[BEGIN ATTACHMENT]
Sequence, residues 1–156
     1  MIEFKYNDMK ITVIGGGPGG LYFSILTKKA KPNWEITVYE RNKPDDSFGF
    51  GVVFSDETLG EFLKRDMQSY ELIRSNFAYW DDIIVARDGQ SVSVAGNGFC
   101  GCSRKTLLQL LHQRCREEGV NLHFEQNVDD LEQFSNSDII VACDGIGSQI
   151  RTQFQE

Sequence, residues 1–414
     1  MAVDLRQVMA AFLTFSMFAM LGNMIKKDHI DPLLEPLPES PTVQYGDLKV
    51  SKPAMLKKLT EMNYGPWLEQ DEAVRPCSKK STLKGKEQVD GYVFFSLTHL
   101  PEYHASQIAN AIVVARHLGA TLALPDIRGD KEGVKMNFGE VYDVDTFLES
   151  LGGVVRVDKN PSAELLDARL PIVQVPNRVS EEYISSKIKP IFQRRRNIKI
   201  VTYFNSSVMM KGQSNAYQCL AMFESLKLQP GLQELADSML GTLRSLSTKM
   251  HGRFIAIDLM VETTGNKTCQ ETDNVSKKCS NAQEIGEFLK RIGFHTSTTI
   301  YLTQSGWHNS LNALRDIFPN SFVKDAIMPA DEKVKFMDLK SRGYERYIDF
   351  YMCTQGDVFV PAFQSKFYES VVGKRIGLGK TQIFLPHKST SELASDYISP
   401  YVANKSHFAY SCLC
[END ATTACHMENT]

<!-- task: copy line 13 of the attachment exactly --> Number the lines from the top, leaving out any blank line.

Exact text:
   301  YLTQSGWHNS LNALRDIFPN SFVKDAIMPA DEKVKFMDLK SRGYERYIDF